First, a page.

Brighten any meal by swapping ordinary Idaho bakers for richly hued potatoes grown at Bleiler’s Produce Patch. Favorites include Purple Majesty, a full-size potato with a deep purple skin and flesh, and Purple Peruvian potatoes, a smaller heirloom fingerling variety. Continue expanding your color palette with Adirondack Blue, an oblong tuber that holds its color during cook (rather than fading), and rosy-toned Adirondack Red, which offers a lower starch content than Russet potatoes. All sport an impressively high antioxidant level derived from their pigment, making these healthful choices for shoring up immune systems and supporting heart health. They come to market in late August to September, depending on weather and soil conditions. Farmer Terry Bleiler recommends roasting as the best way to become acquainted with the taste and texture of new-to-you potatoes.

Foraged fungi

Few foods deliver a true taste of the wild like foraged mushrooms—earthy, meaty, and bursting with umami-complexity. Primordia Farm offers a reliable (i.e., safe) source of such local summer specialties, including chicken of the woods, chanterelles, and puffballs, which can range from baseball to soccer ball size. Jesse Tobin, co-operator of this family-run farm, reports that one area chef uses puffball slices as a “crust” for personal pizzas. If finding exotics is the goal, their cultivated native varieties such as maitake (aka hen of the woods, or ram’s head), gray oyster, and lion’s mane mushrooms arrive in fall and fit the bill quite nicely.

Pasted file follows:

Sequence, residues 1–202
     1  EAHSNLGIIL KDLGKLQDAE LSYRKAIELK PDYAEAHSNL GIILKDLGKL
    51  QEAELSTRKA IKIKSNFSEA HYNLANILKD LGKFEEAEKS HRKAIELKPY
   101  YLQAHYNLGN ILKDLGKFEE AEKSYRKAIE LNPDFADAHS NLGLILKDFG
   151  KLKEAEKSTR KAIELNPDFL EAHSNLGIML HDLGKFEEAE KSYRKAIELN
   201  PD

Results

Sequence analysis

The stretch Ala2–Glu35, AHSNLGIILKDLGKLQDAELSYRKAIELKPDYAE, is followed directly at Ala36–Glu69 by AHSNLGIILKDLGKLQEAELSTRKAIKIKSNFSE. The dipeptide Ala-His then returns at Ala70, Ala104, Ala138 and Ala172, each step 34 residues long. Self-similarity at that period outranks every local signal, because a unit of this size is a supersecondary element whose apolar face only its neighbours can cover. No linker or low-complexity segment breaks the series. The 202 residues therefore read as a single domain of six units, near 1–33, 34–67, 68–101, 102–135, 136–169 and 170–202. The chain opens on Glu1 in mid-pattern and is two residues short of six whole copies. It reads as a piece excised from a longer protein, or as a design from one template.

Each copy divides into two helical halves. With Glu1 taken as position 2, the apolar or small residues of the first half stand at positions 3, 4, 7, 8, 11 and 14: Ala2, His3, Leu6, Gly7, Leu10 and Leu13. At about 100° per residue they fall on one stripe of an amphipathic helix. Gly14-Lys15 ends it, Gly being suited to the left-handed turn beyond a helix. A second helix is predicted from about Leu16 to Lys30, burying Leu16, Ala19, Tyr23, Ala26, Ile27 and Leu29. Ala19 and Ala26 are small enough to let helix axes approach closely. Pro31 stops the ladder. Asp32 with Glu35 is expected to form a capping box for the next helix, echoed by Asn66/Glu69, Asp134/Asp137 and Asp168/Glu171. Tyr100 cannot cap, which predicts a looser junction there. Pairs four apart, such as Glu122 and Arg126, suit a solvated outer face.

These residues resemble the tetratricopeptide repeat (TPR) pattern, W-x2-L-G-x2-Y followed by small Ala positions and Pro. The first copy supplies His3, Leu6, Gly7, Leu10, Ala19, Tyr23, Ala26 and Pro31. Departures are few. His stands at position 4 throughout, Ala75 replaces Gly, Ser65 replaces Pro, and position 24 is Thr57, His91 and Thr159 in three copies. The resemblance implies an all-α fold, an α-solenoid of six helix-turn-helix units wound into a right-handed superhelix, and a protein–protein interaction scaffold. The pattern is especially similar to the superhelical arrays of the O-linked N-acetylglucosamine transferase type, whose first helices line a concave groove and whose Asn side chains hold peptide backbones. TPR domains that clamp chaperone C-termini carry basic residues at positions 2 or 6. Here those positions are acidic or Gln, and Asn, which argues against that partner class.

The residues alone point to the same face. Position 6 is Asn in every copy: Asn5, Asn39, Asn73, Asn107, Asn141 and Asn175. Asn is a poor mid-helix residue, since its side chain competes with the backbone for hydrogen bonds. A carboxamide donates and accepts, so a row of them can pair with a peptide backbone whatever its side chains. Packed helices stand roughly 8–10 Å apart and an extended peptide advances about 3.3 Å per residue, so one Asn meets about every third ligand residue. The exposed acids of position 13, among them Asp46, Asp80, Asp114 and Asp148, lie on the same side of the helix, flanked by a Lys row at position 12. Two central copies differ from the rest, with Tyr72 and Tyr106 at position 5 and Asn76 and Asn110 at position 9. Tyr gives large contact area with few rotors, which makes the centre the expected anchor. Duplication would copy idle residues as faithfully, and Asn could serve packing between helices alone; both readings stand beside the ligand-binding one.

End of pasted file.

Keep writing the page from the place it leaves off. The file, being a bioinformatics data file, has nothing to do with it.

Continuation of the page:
Versatile Kohlrabi

This oddly bulbous green or purple vegetable—laden with minerals and vitamins and rich in fiber—may catch your eye but leave you wondering what to do with it. “Kohlrabi is a vegetable in the cabbage family that is often overlooked. It looks funny and unfamiliar, but is very approachable,” says Lee Chizmar, chef and owner of Bolete. He suggests preparing it as you would cabbage for krauts and in slaws. “And they’re really good pickled,” he says. Since kohlrabi can’t tolerate summer heat, it comes to market in spring and makes a return appearance in September. 

Aromatic Basil

Although sweet Italian basil ranks high in popularity among summertime herbs, Liz Wagner at Crooked Row Farm recommends changing up flavors with tulsi basil, often called holy basil. The flavor has a slightly spicy, peppery bite that can add a new dimension to pesto, though Wagner recommends it for raspberry-basil jam. The multifunctional leaves can also be brewed into tea. Diverse health benefits range from stress reduction to easing inflammation and joint pain. For Asian-inspired or seafood dishes, select Thai basil. Its slender leaves impart a licorice-like flavor that stands up to high-heat cooking.

Popping Heirlooms

While local sweet corn ranks as summer produce royalty, heirloom popcorn offers distinctive snacking. Varieties grown by Teena Bailey of Red Cat Farm include Cream Puff, of Pennsylvania Dutch origin, and red-tinged Dakota Black, which is decorative as well as delicious. The kernels are naturally hard when harvested and explode into large, flavorful puffs when popped. The kernels are sold bagged and popper-ready, or you can simply place an entire ear in a paper bag and microwave it—the corn pops right off the cob!

As seen in the Summer/Fall 2018 Issue